Location: Ossining, NY
Notable Residents: Charles "Lucky" Luciano
Amenities: Rehabilitation programs to allow prisoners the chance to earn degrees
Sing Sing got its name from the Native American tribe "Sinck Sinck" (or "Sint Sinck"), who the land was bought from in 1685. The maximum security prison is located 30 miles north of New York City on the Hudson's east bank—hence the phrase "up the river." The prison was opened in 1826, two years before it was truly completed, the third prison built by the state of New York. Sing Sing was viewed as a "model" prison because it generated revenue for the state. As the Auburn System was in place, complete silence was expected from prisoners. Brutal beatings awaited those who disobeyed.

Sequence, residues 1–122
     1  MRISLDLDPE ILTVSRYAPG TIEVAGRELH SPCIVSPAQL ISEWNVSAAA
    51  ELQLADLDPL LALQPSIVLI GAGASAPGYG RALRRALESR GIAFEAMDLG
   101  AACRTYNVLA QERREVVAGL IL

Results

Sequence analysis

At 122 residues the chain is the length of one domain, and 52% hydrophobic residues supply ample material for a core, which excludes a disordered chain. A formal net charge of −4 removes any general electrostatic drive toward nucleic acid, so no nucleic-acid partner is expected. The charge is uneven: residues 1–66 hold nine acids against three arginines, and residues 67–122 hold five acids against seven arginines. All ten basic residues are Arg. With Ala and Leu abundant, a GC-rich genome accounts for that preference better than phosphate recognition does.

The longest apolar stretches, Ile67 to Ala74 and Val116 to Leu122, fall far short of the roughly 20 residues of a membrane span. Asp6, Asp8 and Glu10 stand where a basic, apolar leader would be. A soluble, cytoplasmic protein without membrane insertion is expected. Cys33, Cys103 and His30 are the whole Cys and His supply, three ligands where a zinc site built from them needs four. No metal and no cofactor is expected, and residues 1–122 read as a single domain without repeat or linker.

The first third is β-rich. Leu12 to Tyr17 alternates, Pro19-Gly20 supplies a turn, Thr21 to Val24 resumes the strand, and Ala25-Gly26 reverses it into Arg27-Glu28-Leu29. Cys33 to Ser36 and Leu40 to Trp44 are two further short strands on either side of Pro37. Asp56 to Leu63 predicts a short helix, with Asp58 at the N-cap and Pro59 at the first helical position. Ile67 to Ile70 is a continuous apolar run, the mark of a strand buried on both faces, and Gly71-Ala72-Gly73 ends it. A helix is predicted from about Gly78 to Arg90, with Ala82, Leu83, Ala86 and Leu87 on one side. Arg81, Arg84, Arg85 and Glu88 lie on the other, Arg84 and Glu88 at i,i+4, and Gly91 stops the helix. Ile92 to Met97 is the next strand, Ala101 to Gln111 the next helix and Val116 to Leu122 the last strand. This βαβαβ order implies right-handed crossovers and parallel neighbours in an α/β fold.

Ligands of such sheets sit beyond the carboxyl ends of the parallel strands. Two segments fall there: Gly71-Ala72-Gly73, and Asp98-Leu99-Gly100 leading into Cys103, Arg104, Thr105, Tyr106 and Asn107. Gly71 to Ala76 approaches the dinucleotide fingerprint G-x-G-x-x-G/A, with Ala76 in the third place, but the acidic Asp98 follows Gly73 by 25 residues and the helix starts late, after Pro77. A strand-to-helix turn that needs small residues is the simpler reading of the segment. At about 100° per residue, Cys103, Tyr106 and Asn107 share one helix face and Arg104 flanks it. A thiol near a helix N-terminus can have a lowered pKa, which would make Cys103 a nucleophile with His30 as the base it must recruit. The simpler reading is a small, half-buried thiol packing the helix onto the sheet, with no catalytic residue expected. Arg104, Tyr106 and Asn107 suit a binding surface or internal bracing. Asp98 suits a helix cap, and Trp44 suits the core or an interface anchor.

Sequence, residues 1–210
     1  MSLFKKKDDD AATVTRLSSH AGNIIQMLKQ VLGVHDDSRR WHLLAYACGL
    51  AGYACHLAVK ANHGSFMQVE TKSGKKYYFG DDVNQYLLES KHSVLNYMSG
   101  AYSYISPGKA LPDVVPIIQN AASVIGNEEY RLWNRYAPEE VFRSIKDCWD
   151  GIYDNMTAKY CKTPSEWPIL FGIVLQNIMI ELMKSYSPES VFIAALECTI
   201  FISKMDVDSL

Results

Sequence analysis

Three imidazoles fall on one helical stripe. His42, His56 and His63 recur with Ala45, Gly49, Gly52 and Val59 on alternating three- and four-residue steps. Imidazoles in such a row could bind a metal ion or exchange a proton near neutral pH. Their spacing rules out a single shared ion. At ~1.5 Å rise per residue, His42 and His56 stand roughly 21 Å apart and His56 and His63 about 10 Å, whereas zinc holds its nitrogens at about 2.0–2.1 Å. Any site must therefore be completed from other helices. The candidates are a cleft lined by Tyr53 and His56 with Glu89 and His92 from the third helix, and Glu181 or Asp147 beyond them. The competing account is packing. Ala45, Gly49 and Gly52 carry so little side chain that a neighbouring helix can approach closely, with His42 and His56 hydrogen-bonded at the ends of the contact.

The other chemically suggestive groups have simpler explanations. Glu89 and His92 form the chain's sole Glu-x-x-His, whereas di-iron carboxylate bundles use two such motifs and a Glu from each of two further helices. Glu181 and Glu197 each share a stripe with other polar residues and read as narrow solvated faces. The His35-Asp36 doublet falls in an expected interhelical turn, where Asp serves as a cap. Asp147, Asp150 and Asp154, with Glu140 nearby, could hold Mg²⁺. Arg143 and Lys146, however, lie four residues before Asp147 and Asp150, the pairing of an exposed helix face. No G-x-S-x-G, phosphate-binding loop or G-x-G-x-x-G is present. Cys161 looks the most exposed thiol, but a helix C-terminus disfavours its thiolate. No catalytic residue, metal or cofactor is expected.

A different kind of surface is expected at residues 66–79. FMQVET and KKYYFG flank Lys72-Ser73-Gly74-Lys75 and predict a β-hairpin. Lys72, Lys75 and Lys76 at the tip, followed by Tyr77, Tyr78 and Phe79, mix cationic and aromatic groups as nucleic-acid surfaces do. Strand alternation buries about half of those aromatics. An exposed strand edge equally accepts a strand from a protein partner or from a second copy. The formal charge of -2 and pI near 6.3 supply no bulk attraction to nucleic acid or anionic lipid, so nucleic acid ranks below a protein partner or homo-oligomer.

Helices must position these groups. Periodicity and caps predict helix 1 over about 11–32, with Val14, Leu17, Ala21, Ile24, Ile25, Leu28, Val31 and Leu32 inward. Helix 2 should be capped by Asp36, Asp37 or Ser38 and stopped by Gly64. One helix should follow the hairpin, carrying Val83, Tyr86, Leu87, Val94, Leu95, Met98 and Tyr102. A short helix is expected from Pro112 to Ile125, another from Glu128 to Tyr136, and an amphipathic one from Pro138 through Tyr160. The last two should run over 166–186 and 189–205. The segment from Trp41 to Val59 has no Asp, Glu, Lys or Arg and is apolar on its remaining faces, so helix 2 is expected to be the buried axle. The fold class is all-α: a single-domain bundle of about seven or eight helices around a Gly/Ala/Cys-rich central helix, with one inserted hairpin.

The electric chair was used at Sing Sing until the Supreme Court decided in 1972 that its use was unconstitutional. Six-hundred-and-fourteen men and women were executed at Sing Sing. After '72, the chair was transported to Greenhaven Prison, but never used again. The prison was accredited in 1989 by the American Correctional Association, creating a new set of standards that every correctional facility would be forced to adhere to.
Educational programs such as Rehabilitation Through the Arts (RTA) were established, and Hudson Link for Higher Education in Prison was created to keep college education at Sing Sing in place via private funding.
These days, Sing Sing holds over 2,000 prisoners, and there plans to turn the original cell block into a museum. Last year, it was rumored that the real estate boom would lead to the prison being closed for good. No word on that.